The Castelli biography starts out by being cumbersome, but picked up speed as Leo was the first to recognized the talents of the emerging artists of the New York School.

Islands Beneath the Sun once again demonstrated Allende’s poetic style, but so far I have not been captivated by the story. I am just at the beginning of The Finkler Question and as yet have no opinion. During the summer I also read: The Invisible Bridge by Julie Orringer and found it fascinating.
Visit Suzanne Loebl's website.

The Page 99 Test: America's Medicis.

--Marshal Zeringue

Saturday, December 11, 2010

Christina Henry

Christina Henry is a graduate of Columbia College Chicago and enjoys running long distances, reading anything she can get her hands on and watching movies with samurai, zombies and/or subtitles in her spare time. She lives in Chicago with her husband and son.

Black Wings, her first Madeline Black novel, was released last month by Ace/Penguin.

Late in November I asked her what she was reading. Her reply:
I love to read pretty much anything I can get my hands on. I have about 25 magazine subscriptions, ranging in various topics from hockey to astronomy to running to cooking to fitness. I also have a gigantic to-be-read pile of fiction and nonfiction books that is getting more gigantic every day, because I now buy way more books than I actually have time to read.

When I am writing a new novel I can read fiction until I get about a third of the way through the book. At that point I stop reading fiction until I’m done with the first draft. I don’t like to be unconsciously influenced by other writers when I’m trying to hammer out the story. At that point I’ll switch over to reading nonfiction – again, just about anything will do as long as it catches my eye. The next two books in the nonfiction heap are Salt: A World History by Mark Kurlansky and Flower Confidential by Amy Stewart.

I just recently finished writing the second book of the Madeline Black series and haven’t gotten too deeply into writing the third so I am trying to cram as much fiction into this period as possible.

Right now I am in the middle of Jim Butcher’s Side Jobs, a collection of short stories from the Dresden Files. I had read many of these stories before in other anthologies but it’s been fun to go back and revisit Harry-through-the-years. The collection also features one new story, which takes place after the most recent Dresden Files novel Changes. I’m trying to work my way slowly through the book so that I can savor the new story when I get to it. Butcher is one my favorite writers and it’s such a treat to get an extra Dresden story when he normally only releases one Dresden novel per year.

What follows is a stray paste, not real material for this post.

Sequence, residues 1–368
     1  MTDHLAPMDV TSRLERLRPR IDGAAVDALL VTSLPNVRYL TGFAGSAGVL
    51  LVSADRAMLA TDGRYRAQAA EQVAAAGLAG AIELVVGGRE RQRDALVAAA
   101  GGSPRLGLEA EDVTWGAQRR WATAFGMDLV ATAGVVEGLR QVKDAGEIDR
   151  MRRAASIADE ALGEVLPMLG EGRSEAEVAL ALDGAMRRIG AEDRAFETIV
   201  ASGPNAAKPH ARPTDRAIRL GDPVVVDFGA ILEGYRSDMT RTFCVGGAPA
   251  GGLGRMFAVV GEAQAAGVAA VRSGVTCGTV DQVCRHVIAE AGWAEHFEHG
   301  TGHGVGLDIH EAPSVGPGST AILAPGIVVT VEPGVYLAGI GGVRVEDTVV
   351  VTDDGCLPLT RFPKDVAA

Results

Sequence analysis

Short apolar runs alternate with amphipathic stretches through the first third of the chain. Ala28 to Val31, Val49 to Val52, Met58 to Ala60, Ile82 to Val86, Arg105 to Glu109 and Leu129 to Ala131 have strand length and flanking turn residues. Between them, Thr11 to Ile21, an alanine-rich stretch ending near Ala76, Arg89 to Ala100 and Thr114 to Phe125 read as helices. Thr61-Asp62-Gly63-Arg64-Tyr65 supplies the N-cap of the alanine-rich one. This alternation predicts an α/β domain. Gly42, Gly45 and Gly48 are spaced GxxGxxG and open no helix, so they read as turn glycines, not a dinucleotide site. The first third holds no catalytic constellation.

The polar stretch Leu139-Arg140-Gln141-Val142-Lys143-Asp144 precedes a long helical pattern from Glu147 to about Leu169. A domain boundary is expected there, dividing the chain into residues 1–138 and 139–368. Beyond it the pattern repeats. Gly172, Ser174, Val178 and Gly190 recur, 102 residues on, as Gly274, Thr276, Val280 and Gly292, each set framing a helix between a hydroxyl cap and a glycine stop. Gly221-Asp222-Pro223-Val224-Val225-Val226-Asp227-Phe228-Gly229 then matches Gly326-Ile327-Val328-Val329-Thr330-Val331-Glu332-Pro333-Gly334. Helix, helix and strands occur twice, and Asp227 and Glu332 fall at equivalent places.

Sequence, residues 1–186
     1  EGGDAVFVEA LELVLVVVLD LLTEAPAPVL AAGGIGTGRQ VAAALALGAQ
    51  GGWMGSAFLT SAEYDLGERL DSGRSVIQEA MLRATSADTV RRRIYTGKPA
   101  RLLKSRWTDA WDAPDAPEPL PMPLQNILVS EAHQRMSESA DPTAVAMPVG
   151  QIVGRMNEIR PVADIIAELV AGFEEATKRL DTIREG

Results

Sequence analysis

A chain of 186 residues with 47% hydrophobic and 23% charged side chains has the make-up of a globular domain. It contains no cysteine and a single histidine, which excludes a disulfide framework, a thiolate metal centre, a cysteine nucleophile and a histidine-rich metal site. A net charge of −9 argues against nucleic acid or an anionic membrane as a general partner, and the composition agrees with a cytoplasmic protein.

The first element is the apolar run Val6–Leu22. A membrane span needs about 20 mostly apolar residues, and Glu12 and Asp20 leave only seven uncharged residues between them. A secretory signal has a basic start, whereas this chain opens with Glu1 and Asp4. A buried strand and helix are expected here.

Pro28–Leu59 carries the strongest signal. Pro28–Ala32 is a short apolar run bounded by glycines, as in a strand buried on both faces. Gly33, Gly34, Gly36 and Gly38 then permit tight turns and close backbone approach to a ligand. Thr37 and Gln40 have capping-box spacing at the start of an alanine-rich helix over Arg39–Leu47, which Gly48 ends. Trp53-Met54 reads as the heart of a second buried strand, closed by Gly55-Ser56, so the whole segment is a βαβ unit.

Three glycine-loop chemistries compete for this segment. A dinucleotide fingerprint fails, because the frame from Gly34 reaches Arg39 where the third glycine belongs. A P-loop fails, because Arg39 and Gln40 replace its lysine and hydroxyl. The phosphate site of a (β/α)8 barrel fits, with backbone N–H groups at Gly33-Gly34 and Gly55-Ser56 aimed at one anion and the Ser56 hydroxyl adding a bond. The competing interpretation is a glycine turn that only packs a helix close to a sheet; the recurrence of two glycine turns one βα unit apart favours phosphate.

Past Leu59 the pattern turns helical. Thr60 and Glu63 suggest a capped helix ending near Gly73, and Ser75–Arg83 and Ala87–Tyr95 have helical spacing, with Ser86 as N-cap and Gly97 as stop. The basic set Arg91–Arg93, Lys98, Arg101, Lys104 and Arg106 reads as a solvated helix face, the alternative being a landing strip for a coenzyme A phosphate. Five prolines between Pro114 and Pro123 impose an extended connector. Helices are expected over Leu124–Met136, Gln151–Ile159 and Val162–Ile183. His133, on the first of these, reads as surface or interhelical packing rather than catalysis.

Read chapter one of Black Wings, and learn more about the book and author at Christina Henry's website.

--Marshal Zeringue

Thursday, December 9, 2010

Erin Blakemore

Erin Blakemore is a writer, entrepreneur, and inveterate bookworm.

Her debut book, The Heroine's Bookshelf: Life Lessons, from Jane Austen to Laura Ingalls Wilder, includes an exploration of classic heroines (such as Anne Shirley, Jo March, Scarlett O’Hara, and Jane Eyre) and their equally admirable authors (like Jane Austen, Harper Lee, and Laura Ingalls Wilder).

Last month I asked her what she was reading. Her reply:
Right now I'm rereading Madame Curie: A Biography, a book written by Marie Curie's daughter Eve. It's a weird combination of eulogy and biography that really caught my attention when I picked it up as a little girl (how I got my hands on a gorgeous first edition is beyond me; I have a feeling it was at a library sale). When I was a kid the book represented possibility (discovering elements in a damp shed in an exotic country! Sign me up!) and courage. But this read is reminding me of the perils of biography. It's difficult enough to talk about someone else's life, much less write objectively about your own mother! And yet somehow it still has the ability to transport me to that dusty, inhostpitable shed where a steely woman plodded on even after her dearest companion had died.
Visit Erin Blakemore's website and the official The Heroine's Bookshelf website.

The Page 99 Test: The Heroine's Bookshelf.

--Marshal Zeringue

Tuesday, December 7, 2010

Allison Leotta

Allison Leotta is a federal sex-crimes prosecutor in Washington, D.C. She has been a federal prosecutor for ten years. Like the heroine in Law of Attraction, her debut legal thriller, Leotta started out in the U.S. Attorney’s Office prosecuting misdemeanor domestic violence cases. She now handles the most serious sex crimes in D.C. Allison is a graduate of Michigan State University and Harvard Law School.